In practice, prior to Blakely, when a defendant was convicted at trial or pleaded to the indictment, the prosecutor would apprise the judge at sentencing of so-called relevant facts— facts that were unnecessary to prove the underlying offense that resulted in conviction but that served to increase the defendant’s sentence. Those facts, however, were not subjected to adversarial testing before a jury. Blakely corrected that deprivation.

Although plea-bargaining is the predominant setting in modern criminal practice, the lifeblood of criminal defense work remains the jury trial. An authority on liberty no less than Thomas Jefferson once wrote to someone equally concerned with liberty’s promise, Thomas Paine, that, “I consider trial by jury as the only anchor ever yet imagined by man, by which a government can be held to the principles of its constitution.” Originalist jurisprudence ensures the jury remain so.

The Fourth Amendment reads: “The right of the people to be secure in their persons, houses, papers, and effects, against unreasonable searches and seizures, shall not be violated, and no Warrants shall issue, but upon probable cause, supported by Oath or affirmation, and particularly describing the place to be searched, and the persons or things to be seized.”

A favorite of mine, the Fourth Amendment regulates interactions between citizens and police. Here, too, Justice Scalia championed protections for the accused, from requiring law enforcement to obtain a search warrant before applying thermal-imaging technology to invade a man’s home to condemning the assault upon dignity entailed by police officers patting down citizens upon less than probable cause. Two cases, in particular, illuminate originalism’s presumption in favor of the accused.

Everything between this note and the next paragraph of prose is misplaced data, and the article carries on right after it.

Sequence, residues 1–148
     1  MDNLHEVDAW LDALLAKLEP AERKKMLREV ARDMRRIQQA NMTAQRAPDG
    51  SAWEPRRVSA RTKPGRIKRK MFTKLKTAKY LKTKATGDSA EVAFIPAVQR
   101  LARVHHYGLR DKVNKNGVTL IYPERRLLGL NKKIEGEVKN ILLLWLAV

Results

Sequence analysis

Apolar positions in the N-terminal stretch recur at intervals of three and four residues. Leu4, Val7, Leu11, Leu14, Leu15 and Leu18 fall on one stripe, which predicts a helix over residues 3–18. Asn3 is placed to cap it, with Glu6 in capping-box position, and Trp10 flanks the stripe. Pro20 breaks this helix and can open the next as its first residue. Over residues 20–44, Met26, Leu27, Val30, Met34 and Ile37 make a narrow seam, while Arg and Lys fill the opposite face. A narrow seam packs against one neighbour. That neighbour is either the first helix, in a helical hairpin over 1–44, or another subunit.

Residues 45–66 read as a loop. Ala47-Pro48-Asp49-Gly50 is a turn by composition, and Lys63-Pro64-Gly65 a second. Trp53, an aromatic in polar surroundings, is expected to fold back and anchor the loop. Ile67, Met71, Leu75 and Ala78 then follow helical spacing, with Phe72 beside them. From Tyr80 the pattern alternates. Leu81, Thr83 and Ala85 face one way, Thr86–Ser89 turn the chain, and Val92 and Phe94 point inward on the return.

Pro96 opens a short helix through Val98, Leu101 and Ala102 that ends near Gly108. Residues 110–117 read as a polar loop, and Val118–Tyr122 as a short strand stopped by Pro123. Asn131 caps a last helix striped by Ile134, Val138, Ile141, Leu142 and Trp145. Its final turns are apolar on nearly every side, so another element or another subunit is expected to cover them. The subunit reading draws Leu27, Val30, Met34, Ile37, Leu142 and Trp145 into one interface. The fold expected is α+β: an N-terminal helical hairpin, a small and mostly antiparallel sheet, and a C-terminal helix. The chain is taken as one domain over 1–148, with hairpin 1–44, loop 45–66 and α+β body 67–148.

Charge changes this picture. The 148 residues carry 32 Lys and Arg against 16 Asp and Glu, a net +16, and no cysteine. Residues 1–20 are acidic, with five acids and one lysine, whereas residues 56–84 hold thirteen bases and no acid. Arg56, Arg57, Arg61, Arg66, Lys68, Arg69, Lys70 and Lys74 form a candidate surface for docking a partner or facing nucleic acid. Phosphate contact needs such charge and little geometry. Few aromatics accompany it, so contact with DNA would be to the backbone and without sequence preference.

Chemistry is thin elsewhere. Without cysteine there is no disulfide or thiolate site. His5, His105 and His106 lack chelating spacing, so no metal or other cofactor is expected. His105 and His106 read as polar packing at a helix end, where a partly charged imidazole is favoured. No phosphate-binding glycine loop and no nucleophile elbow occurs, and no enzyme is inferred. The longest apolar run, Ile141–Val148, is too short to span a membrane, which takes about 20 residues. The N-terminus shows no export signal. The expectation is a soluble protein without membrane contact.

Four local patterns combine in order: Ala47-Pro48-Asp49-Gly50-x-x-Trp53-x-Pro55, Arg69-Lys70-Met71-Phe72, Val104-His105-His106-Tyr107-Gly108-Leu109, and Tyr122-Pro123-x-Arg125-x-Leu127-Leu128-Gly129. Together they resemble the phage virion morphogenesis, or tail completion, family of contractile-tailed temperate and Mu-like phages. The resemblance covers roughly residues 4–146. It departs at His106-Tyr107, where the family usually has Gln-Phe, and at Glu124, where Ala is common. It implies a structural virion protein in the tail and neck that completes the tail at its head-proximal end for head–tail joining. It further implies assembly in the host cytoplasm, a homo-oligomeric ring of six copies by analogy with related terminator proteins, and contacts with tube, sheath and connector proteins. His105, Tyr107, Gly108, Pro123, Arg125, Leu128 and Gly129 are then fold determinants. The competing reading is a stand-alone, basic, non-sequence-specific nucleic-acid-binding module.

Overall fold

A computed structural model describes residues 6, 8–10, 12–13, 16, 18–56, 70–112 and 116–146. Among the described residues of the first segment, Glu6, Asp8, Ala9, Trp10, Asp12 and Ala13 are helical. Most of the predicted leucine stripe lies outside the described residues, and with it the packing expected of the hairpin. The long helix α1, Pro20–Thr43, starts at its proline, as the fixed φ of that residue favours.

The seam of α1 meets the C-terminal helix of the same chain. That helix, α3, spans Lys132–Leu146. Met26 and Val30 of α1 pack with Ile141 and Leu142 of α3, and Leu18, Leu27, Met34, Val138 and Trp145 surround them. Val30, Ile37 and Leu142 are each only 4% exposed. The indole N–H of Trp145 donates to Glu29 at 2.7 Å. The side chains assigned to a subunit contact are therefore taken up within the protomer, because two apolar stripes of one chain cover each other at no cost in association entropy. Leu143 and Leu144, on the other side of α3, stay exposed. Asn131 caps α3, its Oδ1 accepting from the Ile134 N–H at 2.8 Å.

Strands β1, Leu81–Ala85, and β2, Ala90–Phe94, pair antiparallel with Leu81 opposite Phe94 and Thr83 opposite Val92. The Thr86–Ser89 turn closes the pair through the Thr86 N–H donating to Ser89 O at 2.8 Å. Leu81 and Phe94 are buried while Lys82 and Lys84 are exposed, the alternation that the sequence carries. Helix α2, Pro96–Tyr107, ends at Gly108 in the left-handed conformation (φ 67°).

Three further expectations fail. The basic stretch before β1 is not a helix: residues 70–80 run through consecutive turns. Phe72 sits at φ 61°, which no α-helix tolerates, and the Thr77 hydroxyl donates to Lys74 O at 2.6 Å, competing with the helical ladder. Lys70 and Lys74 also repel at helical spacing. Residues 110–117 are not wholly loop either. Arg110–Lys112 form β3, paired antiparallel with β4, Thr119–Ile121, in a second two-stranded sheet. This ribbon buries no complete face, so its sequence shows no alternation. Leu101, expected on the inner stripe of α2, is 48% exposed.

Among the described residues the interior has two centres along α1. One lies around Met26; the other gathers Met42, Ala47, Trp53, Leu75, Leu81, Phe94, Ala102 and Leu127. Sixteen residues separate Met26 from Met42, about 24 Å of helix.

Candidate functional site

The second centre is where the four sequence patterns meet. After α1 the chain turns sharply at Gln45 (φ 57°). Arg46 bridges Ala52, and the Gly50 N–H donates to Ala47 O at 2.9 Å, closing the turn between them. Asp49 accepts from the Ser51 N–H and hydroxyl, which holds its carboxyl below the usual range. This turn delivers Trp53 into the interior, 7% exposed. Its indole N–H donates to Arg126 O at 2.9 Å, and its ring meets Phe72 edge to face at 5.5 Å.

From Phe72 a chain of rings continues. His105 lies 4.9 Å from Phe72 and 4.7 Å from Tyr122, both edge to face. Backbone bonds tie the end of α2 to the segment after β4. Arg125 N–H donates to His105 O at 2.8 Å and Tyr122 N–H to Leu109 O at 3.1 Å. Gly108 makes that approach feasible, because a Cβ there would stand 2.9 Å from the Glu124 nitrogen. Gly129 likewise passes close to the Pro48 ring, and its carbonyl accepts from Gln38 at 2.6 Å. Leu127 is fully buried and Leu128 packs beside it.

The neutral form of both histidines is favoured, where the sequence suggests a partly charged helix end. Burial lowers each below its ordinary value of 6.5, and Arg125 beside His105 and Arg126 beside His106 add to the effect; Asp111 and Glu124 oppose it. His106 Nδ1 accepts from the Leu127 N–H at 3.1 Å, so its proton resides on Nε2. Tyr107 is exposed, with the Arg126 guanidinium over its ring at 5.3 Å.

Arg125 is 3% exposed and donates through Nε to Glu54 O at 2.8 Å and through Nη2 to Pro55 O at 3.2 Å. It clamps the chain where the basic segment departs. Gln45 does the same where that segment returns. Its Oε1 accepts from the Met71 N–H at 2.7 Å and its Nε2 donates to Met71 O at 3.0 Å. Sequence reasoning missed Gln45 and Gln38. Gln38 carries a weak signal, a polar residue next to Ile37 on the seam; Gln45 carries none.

In United States v. Jones, 565 U.S. 400 (2012), writing for the Court, Justice Scalia analyzed whether the FBI’s placing a GPS tracking device on a suspected drug trafficker’s automobile without a judicial warrant constituted a “search” within the meaning of the Fourth Amendment. Answering in the affirmative, Justice Scalia wrote: “[I]t is important to be clear about what occurred in this case: The Government physically occupied private property for the purpose of obtaining information. We have no doubt that such a physical intrusion would have been considered a ‘search’ within the meaning of the Fourth Amendment when it was adopted.” In originalist fashion, the justice examined English common law to bolster the Court’s decision, observing that “ Entick v. Carrington, 95 Eng. Rep. 807 (C.P. 1765), is a ‘case we have described as a ‘monument of English freedom undoubtedly familiar’ to ‘every American statesman’ at the time the Constitution was adopted, and considered to be ‘the true and ultimate expression of constitutional law’ with regard to search and seizure.” The holding and rationale in Jones—animated by 18th-century English jurisprudence, no less—stands for the proposition that originalism robustly protects the rights of the accused despite rapid technological advancements that erode privacy in general while enhancing the State’s ability to inject itself into our personal affairs with minimal effort or judicial oversight. By examining the Amendment’s text and meaning at the time of adoption, Justice Scalia easily found that “for most of our history the Fourth Amendment was understood to embody a particular concern for government trespass upon the areas (‘persons, houses, papers, and effects’) it enumerates.”